1. the software RAID 5 has not been a big deal as far as I can tell.
  2. after installing the hfsplus debian package I was able to attach and mount a firewire drive with data I wanted to move over quickly from a Mac OS X Server.
  3. I installed and compiled in the iscsitarget kernel module and started creating iscsi target volumes for use on some other servers. very nice.
  4. I configured my network interfaces using some clever ip route statements I found to attach and dedicate a different gigabit NIC for iSCSI purposes even though both interfaces are on the same subnet.
  5. The performance on the system is adequate, but not stupendous. I was copying about 300GB worth of MySQL tables from a database server using an iSCSI target volume and the load on the Xserve stayed around 8 for a couple of hours. Whether that’s good/bad I’m not sure.

Overall, it’s been an interesting exercise and I’m really glad I could repurpose the machine into such a useful item.

Posted by Brian Blood as Hardware, Linux, Servers at 12:47 PM UTC

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February 14th, 2011

Differences in Hardware/Software for an Email Server

One of our customers is running our ECMSquared Email server solution and recently decided they had outgrown the platform it was installed on. Mailbox access was slow, webmail was slow and it felt constantly overloaded.

When planning for an upgrade like this you have to allot for not only the hardware, but the expert’s time and this customer was on a tight budget, so they decided that spending money on our services making sure the transition was a higher priority than getting the biggest fanciest hardware rig. After all this is email, a service that may not seem critical, but it’s the first thing that people notice is not functioning correctly. So we put together a proposal for the migration.

Old system: Apple Xserve G5 – 2x 2.0Ghz G5 – 6GB RAM – 3 x 250GB SATA H/W RAID 5 running Tiger Server.

Upgrading the OS on the system from Tiger to Leopard Server should have yielded some performance gains, especially with the finer grained kernel locking that was introduced in Leopard, but with the main issue being slow mailbox access, we felt that the file system was going to continue to be the biggest bottleneck. HFS+ doesn’t handle 1000s of files in a single directory very efficiently and having the enumerate a directory like that on every delivery and every POP3/IMAP access was taking it’s toll. Also with Apple discontinuing PPC support along with the demise of the Xserve, the longevity of this hardware was assessed as low.

The decision was made to go to a Linux based system running ext3 as the file system. Obviously this opened up the hardware choices quite a bit.

A mail server is very much like a database server in that the biggest bottleneck is almost always disk throughput, not CPU or network. Based on the customers budget concerns we wanted to get them the biggest fastest drive array in the eventual system for the budget allowed. There aren’t a lot of choices when it comes to bigger/faster hard drives within a reasonable budget, so we ended up choosing a 3 x 146GB 10k rpm SCSI drives in a RAID 5 array.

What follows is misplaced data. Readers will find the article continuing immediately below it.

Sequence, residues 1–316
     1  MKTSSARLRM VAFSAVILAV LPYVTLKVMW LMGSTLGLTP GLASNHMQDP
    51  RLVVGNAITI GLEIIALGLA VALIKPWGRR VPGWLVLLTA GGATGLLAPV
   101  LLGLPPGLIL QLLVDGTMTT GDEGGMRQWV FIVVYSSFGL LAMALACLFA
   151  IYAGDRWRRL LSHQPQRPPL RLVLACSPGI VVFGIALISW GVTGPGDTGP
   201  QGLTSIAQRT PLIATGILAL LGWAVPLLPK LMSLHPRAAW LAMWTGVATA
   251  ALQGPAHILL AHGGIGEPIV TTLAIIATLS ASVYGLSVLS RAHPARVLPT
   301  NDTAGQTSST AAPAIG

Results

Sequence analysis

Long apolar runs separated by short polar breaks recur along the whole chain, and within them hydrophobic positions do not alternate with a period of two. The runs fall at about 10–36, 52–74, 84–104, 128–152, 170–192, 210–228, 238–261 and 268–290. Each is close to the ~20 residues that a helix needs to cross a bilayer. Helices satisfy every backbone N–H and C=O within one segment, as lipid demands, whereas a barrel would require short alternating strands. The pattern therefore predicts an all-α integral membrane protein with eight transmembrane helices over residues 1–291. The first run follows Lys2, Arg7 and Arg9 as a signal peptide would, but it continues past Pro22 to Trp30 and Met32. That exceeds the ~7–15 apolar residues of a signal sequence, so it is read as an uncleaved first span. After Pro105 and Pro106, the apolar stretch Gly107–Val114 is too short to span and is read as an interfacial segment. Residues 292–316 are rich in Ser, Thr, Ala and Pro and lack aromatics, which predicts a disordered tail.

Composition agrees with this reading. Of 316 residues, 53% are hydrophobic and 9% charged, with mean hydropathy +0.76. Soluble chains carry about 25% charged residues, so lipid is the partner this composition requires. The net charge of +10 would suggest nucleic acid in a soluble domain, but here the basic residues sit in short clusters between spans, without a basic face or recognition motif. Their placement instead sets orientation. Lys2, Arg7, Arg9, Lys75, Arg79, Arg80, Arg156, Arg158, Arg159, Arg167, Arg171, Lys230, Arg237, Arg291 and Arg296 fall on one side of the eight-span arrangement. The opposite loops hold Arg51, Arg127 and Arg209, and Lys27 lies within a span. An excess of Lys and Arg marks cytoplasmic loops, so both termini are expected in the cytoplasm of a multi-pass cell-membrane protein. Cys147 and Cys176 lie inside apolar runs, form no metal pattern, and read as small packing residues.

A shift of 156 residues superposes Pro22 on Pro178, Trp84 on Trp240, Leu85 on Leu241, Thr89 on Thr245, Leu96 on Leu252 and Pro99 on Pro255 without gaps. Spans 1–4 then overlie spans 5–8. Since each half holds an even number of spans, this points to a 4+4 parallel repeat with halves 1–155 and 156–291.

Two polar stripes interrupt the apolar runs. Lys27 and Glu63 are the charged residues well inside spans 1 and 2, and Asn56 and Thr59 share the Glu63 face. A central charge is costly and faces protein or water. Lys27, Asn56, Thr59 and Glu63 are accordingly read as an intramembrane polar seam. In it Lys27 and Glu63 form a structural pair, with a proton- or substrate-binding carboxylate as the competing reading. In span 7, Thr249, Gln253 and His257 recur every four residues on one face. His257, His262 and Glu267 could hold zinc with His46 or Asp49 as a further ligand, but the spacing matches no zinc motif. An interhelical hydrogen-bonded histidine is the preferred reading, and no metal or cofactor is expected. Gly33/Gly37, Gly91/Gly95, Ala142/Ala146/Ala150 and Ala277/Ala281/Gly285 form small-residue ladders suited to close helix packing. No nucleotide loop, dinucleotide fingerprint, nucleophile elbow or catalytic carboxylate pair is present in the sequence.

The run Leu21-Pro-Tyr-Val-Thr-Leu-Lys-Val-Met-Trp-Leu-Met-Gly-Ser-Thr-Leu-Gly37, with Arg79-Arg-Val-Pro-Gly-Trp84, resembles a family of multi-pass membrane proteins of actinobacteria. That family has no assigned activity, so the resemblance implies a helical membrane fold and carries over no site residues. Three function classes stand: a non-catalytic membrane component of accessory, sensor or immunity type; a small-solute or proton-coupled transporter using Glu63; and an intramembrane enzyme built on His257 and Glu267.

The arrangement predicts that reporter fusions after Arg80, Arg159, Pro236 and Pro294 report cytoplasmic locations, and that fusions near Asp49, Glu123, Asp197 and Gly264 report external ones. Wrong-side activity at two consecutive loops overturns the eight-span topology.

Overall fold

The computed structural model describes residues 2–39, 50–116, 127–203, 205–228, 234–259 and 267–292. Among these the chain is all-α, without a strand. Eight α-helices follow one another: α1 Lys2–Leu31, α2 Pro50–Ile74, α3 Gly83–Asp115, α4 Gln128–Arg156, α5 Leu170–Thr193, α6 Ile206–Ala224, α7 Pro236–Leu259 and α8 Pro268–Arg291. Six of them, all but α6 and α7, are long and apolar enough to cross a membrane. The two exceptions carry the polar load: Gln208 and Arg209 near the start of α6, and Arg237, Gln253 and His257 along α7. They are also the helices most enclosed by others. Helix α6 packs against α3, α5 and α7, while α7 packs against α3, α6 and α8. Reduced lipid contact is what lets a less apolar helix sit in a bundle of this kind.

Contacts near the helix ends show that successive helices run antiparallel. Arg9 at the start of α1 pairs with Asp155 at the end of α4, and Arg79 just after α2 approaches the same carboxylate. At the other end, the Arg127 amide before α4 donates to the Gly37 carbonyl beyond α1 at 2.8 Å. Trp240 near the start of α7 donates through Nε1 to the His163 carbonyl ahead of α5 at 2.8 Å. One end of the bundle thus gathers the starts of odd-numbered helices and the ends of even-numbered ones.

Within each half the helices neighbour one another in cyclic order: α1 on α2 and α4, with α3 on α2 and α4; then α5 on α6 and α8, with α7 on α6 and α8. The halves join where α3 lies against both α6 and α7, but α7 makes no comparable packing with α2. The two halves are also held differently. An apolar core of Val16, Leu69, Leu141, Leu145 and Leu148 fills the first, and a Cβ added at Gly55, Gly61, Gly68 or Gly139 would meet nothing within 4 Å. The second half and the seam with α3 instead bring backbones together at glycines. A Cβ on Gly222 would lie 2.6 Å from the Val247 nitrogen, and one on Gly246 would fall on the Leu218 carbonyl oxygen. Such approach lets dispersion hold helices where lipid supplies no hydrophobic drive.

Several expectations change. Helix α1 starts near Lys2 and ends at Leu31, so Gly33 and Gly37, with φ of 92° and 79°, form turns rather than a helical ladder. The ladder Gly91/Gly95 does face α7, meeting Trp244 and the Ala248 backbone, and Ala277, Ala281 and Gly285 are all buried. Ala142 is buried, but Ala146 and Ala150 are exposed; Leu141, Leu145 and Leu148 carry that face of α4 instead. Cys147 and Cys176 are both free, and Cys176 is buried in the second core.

New System: Dell PowerEdge 1750 – 2x 3.2Ghz Xeon – 8GB RAM – 3x 146GB NEW SCSI drives in HW RAID 5

Obviously this is relatively old hardware, but we were able to get everything procured along with some spare drives for ~$600

We installed Debian Lenny and custom-compiled version of Exim onto the system and ran several days of testing.
Then we migrated their system over late one night and everything went smoothly.

The change in that hardware/OS/file system stack produced the following graphic for the Load Average for the system:

Load Average

You can see how dramatic the difference in how loaded the server was from before. The customer is very happy in the snappiness of the system now.

Even though the server hardware is a bit older, it’s applying the right resources in the right spot that makes thing run very smoothly.

We expect many more years of usage from this system.

Posted by Brian Blood as Hardware, Linux, Mail Server, Servers at 10:48 PM UTC

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November 4th, 2010

First Dead MacMini Power Supply

I was at the datacenter we are moving out of this evening rearranging power connections for some straggler customers so I could free up some power feeds. As part of that process I was unplugging and replugging power supplies in a load balanced set of MacMinis and I went to turn one of them back on and it would not power on. Turns out the power supply must have died, perhaps from a spike. I’ve worked with MacMinis of varying designed for many years now, easily over 50 of them and this is the first one I’ve had that died.

I guess that’s a good track record.

Posted by Brian Blood as Hardware at 12:11 AM UTC

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July 26th, 2010

Ubuntu Server 10.04 on a Dell PowerEdge 2450

We have a Dell PowerEdge 2450 laying around doing nothing, and my friend asked to set up a server for him so he has a dedicated system to do some Drupal work. I said, no problem….. Boy was I in for it.

I downloaded the Server ISO and burned it. After upgrading the RAM from 1GB to 2GB and setting up the 3 x 18GB 10k rpm SCSI disks in a RAID 5, I booted from the fresh disc and the Ubuntu installer came up and when it dropped into the Debian base installation and tried to load components from CD, it would get stuck about 17% of the way through saying it could not read the CD-ROM any longer. So, I tried burning another copy…. Same thing.